Foodborne illness can happen, even to those with the best intentions. This holiday season, don’t let Great Aunt Betty’s stuffing make you or your loved ones sick.
Rather, do what you can to ensure the food you prepare is safe from salmonella and other bacteria and encourage your family members – like Great Aunt Betty – to do the same.
Bacteria, those microscopic organisms that are present in just about everything, can grow in undesirable ways on food that isn’t kept at the correct temperature or that was prepared on dirty surfaces or by people who are ill. That sort of bacteria in food can make us sick – think trips to the bathroom. That’s no way to celebrate a holiday.
So this holiday season, make sure you and others contributing to your holiday feast follow these guidelines for preventing foodborne illness:
- CLEAN. Wash hands and surfaces often. This includes cutting boards and utensils, fruits and vegetables.
- SEPARATE. Prevent cross-contamination by keeping raw meat, poultry, seafood and eggs separate from other food. Bag meat separately in plastic. Store raw meat and eggs on the bottom shelf of the refrigerator.
- COOK. To kill harmful bacteria, cook poultry, stuffed meats and casseroles to 165°F, fish, shellfish, beef, pork and lamb to 145°F and hamburger and sausage to 160°F. Use a food thermometer.
- CHILL. Refrigerate promptly; cold temperatures slow the growth of harmful bacteria. Never leave perishable food out of the refrigerator for more than two hours.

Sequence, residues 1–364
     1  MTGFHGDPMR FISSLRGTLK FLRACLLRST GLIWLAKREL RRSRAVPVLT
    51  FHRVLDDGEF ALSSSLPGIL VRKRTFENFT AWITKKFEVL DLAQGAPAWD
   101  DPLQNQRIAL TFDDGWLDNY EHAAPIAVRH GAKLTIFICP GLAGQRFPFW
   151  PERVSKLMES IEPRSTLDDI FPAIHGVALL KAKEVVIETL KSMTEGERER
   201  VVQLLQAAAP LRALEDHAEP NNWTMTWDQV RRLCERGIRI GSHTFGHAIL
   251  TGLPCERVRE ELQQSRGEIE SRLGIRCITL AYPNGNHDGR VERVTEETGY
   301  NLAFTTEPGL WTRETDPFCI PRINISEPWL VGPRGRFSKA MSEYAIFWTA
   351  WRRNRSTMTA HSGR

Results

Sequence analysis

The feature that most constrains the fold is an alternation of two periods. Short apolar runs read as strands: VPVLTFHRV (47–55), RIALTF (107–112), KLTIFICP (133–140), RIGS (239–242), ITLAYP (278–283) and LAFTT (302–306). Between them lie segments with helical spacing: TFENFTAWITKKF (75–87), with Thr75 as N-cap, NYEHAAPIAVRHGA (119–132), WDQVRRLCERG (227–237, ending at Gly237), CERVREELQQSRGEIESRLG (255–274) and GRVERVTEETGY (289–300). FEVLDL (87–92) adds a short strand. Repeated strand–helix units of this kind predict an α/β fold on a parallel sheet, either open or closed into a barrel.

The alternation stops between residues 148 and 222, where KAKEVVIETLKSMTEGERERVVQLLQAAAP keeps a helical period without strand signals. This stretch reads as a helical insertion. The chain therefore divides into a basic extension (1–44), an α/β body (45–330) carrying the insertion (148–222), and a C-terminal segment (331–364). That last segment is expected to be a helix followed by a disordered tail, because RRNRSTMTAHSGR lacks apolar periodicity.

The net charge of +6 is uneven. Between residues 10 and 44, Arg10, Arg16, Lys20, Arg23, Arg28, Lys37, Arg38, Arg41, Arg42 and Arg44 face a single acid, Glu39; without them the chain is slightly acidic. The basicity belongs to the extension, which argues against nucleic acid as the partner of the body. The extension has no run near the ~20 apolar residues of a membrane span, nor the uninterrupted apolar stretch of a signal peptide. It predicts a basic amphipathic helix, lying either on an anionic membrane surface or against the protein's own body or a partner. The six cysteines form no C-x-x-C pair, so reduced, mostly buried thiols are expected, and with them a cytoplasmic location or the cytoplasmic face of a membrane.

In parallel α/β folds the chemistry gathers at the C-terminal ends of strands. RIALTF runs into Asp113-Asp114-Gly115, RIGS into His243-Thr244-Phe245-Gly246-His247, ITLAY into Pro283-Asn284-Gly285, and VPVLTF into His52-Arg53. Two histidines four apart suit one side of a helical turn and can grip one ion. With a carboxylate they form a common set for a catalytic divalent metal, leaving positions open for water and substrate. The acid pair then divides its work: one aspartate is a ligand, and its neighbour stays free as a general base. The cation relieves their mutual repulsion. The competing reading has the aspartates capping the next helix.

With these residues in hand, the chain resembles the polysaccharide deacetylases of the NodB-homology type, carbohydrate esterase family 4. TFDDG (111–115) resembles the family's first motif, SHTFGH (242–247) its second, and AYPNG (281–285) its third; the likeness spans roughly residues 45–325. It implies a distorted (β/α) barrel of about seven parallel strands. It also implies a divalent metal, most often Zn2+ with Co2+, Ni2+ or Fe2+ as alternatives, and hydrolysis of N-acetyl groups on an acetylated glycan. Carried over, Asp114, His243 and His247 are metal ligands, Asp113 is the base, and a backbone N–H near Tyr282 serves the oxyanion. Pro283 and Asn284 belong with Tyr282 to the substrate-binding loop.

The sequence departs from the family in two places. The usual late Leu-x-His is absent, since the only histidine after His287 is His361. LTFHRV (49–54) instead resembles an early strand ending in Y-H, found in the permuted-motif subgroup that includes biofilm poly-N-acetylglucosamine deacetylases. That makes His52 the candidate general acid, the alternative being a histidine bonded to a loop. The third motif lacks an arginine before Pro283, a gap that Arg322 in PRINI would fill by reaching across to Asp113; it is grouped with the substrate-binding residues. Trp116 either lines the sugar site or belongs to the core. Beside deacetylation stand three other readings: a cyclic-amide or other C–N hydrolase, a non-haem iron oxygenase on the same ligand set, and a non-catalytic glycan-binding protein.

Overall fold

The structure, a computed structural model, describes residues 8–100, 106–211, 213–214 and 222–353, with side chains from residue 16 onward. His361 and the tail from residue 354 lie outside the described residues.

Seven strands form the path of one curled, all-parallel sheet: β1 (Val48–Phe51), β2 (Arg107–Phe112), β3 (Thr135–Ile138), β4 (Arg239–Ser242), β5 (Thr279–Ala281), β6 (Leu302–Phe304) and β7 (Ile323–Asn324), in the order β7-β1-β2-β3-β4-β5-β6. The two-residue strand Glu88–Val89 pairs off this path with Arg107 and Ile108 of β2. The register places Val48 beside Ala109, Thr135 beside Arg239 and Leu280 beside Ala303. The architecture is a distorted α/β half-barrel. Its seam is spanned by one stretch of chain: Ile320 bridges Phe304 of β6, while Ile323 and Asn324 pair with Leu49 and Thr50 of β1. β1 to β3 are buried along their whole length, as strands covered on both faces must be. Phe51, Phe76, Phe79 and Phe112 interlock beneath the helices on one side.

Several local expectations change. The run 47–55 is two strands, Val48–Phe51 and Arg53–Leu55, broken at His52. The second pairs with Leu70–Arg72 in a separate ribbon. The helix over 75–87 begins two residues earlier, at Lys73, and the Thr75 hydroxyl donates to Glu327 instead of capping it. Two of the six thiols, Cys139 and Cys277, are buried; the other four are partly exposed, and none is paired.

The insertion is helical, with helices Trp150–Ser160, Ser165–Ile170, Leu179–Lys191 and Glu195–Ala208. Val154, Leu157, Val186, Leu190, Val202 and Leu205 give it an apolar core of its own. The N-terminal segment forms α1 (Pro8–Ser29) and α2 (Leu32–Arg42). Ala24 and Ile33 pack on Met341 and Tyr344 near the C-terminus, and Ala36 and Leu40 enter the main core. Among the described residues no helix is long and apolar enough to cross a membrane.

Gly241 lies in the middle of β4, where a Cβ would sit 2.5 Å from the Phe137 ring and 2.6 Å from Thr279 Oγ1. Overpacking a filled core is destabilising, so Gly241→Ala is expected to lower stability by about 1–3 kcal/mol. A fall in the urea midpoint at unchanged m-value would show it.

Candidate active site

Having a turkey? Keep these tips in mind:
- It takes 24 hours per 4 to 5 pounds of bird to thaw a frozen turkey in the refrigerator. Never defrost a turkey on the counter.
- It’s best to cook the stuffing in a separate dish, but if you must stuff the bird, do so immediately before the turkey goes into the oven.
- Cook both stuffing and turkey to an internal temperature of 165°F.
- Stash the extra turkey and other food within two hours. Carve extra meat from the bones and store it in shallow containers in the refrigerator or freezer.
- Eat refrigerated leftovers within 3-4 days. Frozen leftovers will keep for 3-4 months.
Mesa County Health Department’s Consumer Protection program is responsible for nearly 800 licensed retail food establishments in Mesa County. The Health Department also works to share food safety information with citizens who prepare meals in their homes.